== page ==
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President Summers' remarks offer global 'teachable moment'

By Denice Denton

Forty leading scholars attended the National Bureau of Economic Research conference entitled “Diversifying the Science and Engineering Workforce: Women, Underrepresented Minorities and Their S&E Careers” and I was privileged to be among them. Dr. Lawrence Summers, the President of Harvard, presented a talk at this meeting entitled “Women and Minority Faculty.” President Summers indicated that he was not speaking as the president of Harvard and that he hoped to be provocative. It appears that he failed in reaching the first objective, but has achieved great success in the second. As has been widely reported, President Summers stated that there is an absence of women from high-powered jobs in the sciences. There is evidence to the contrary.

In fact, myriad women are at the top in their fields. Examples: the Nobel Prize in Physiology and Medicine this year went to Dr. Linda Buck of the Fred Hutchinson Cancer Research Center and the University of Washington; as of next month, four of the ten campuses of the University of California system will be led by women scientists.

Many of the related articles and commentaries that have appeared in the past two weeks have focused on the wrong issues: the question of whether there are “innate differences” between men and women and the defense of academic freedom. Yes, there are biological differences between women and men, and, yes, freedom of speech and academic freedom are core values for all of us. However, what really matters here is that we must actively tap all the talent among our population to successfully address the major global challenges that we face.

The key point is that the United States is facing a crisis of global economic competitiveness. It is essential that we draw on all the human capital in this country. We simply cannot afford to shut out more than half the population from the kind of work that will power California's -- and our country's -- economy and enhance our competitive edge. To this end, presidents of our most highly respected universities have a responsibility to provide leadership nationally at this critical time. And Harvard has a special responsibility to lead, because of its unique place in higher education. All of us dedicated to equal opportunity would expect no less.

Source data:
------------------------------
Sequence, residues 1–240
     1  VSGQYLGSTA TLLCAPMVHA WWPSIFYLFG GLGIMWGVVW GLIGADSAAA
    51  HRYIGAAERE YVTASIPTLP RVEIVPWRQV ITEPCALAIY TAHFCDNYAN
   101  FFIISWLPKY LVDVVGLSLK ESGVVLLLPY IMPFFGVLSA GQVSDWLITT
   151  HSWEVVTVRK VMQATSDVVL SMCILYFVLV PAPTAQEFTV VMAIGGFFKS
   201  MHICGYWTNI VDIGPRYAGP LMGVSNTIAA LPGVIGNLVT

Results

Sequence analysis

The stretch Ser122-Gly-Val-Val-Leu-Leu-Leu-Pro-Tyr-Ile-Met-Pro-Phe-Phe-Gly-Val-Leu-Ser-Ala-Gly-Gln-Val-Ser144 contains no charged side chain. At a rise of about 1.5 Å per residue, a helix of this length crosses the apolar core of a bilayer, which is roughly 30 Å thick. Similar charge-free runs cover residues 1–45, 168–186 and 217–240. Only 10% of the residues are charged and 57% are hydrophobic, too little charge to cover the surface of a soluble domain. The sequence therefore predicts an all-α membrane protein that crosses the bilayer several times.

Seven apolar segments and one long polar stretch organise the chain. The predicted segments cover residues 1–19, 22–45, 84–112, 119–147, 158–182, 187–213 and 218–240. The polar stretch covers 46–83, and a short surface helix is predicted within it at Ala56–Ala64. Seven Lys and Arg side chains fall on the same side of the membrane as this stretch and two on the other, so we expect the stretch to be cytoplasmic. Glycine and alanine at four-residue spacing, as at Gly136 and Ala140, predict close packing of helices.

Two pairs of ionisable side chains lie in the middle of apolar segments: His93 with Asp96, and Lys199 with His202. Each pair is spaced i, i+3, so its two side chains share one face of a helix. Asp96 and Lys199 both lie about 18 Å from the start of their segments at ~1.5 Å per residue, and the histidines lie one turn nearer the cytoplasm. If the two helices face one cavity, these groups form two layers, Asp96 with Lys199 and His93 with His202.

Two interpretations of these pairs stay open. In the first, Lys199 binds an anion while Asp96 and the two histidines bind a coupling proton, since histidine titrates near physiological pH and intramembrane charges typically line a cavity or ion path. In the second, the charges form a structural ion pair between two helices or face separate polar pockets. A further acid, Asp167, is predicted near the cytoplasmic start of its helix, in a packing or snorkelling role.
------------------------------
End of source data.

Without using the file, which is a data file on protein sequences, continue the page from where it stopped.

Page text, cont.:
Finally, in the spirit of free intellectual exchange, I hope to shed light on the nature of the reaction by academics to President Summers at the meeting. In short, he did not present rigorous and supportable hypotheses. First, he proposed that women's unwillingness or inability to work 80-hour weeks precludes us from reaching the most prestigious positions in our society. Second, he hypothesized that the reasons for differences in ability and interest among men and women cannot be ascribed to sex-role socialization. And third, he posited that discrimination in the science and engineering workplace may not exist.

Some of us at the meeting challenged President Summers' hypotheses on the following grounds. The notion that plum positions require an 80-hour workweek, and that many women are unwilling or unable to commit to this for a variety of reasons, is an outdated mythology that is unsubstantiated. The hypothesis that nature trumps nurture every time is supported neither by the research reported at the conference nor by many of the results that have been reported in the popular press in the last two weeks. President Summers' hypothesis, based on economic models, that discrimination in the science and engineering workplace may no longer exist is unequivocally refuted by research and by my own actual experiences and those of numerous others.

The good news is that the international reaction to President Summers' statements represents a global “teachable moment.” Individuals and organizations around the world are revisiting the issue of equal representation of women and minorities in science and engineering. Many are learning more about and doing more in this important arena. For example, President Summers and the Harvard faculty are developing plans to address the recruitment and retention of women faculty. I applaud the promise by President Summers to reverse the precipitous drop in offers of tenure to women in the Faculty of Arts and Sciences, and wish him and my colleagues at Harvard every success in this endeavor. The whole world is watching to see how this story unfolds.

Denice Denton is currently dean of the College of Engineering at the University of Washington. On February 14, she will become the ninth chancellor of the University of California, Santa Cruz.

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